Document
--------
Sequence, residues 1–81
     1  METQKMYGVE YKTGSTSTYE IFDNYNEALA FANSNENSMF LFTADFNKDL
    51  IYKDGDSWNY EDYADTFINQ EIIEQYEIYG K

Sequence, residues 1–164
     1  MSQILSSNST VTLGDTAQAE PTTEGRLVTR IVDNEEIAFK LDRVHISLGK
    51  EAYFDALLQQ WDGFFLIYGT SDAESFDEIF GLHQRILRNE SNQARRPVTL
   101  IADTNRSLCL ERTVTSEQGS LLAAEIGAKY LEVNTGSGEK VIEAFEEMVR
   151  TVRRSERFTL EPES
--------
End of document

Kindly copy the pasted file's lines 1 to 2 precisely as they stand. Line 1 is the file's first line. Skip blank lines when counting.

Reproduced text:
Sequence, residues 1–81
     1  METQKMYGVE YKTGSTSTYE IFDNYNEALA FANSNENSMF LFTADFNKDL